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1 i.e. not only do we understand a thing when we know its purpose, but a purpose in some mind is the chief cause of its existence, God's mind for the universe, man's mind for political institutions. this, being the only interpretation that makes sense o the passage, is presumably more or less consciously Plato's meaning. Cf. Introd. pp. xxxv-xxxvi. Quite irrelevant are Plato's supposed identification of the ἀγαθόν with the ἕν, one, and Aristotle's statement, Met. 988 a, that the ideas are the cause of other things and the one is the cause of the ideas. the remainder of the paragraph belongs to transcendental rhetoric. It has been endlessly quoted and plays a great part in Neoplatonism, in all philosophies of the unknowable and in all negative and mystic theologies.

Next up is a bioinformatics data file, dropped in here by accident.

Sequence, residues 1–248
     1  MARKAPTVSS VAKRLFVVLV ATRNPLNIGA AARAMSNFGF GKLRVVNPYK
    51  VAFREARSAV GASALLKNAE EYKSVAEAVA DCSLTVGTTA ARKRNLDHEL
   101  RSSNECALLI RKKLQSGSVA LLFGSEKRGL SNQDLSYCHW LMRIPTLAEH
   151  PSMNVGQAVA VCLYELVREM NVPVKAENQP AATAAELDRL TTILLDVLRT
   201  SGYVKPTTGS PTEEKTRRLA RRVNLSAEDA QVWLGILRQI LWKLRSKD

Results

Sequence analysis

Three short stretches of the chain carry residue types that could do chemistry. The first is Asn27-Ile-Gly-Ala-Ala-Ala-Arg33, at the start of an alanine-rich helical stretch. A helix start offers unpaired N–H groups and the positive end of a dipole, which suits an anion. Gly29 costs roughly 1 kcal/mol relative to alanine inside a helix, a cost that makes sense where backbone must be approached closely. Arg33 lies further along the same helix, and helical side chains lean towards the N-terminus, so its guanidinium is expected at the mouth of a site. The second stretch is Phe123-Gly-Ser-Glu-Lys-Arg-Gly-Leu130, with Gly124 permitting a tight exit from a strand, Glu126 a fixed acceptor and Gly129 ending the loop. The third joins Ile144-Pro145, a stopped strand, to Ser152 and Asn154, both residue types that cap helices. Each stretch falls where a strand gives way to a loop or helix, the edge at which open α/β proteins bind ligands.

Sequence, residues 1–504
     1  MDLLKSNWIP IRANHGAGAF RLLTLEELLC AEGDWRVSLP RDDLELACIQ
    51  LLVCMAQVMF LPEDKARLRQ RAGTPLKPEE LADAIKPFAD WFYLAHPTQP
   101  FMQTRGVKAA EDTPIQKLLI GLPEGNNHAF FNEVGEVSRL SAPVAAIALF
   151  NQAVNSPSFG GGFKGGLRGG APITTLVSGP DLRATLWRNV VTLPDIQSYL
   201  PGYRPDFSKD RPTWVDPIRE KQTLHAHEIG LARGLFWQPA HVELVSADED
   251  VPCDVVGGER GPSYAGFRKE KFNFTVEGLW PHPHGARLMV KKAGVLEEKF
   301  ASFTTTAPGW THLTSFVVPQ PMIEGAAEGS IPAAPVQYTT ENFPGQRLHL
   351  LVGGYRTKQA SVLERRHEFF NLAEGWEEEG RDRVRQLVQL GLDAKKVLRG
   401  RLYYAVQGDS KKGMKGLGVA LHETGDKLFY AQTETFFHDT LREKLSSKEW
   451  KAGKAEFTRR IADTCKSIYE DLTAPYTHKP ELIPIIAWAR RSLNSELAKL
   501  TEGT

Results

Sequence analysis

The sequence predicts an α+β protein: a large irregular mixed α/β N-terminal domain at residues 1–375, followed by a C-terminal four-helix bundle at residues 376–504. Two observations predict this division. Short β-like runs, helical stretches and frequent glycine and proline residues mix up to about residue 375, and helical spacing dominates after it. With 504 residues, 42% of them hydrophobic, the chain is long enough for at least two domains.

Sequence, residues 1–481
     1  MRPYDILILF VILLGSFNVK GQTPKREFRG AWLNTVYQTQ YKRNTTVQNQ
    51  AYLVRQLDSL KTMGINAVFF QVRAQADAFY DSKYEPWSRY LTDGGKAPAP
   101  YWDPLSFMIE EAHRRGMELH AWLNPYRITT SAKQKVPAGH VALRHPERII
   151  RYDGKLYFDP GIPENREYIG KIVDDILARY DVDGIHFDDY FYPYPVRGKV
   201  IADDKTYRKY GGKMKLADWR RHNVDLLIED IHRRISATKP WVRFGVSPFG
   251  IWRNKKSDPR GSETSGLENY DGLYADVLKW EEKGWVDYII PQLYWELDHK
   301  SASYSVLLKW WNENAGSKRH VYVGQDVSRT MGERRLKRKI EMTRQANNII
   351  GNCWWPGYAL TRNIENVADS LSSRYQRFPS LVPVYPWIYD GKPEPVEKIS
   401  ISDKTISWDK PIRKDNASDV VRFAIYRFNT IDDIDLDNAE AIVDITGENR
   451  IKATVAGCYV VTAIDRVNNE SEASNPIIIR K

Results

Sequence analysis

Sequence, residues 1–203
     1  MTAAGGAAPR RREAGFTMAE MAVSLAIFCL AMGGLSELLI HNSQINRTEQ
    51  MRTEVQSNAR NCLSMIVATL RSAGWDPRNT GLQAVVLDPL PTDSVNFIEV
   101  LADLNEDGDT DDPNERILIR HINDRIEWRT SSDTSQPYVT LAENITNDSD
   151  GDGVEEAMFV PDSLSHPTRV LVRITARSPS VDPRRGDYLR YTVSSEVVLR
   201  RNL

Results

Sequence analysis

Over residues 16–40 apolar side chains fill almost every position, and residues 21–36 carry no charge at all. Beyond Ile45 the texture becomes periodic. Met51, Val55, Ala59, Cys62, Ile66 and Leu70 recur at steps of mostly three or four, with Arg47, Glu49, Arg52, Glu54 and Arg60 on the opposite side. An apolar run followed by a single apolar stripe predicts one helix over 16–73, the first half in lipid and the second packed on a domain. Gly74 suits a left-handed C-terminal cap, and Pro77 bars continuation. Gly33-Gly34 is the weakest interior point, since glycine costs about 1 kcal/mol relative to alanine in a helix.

2 It is an error to oppose Plato here to the Alexandrians who sometimes said ἐπέκεινα τοῦ ὄντος. Plato's sentence would have made ὄντος very inconvenient here. But εἶναι shows that οὐσίας is not distinguished from τοῦ ὄντος here. ἐπέκεινα became technical and a symbol for the transcendental in Neoplatonism and all similar philosophies. cf. Plotinus xvii. 1, Dionysius Areop.De divinis nominibus, ii. 2, Friedländer, Platon, i. p. 87.
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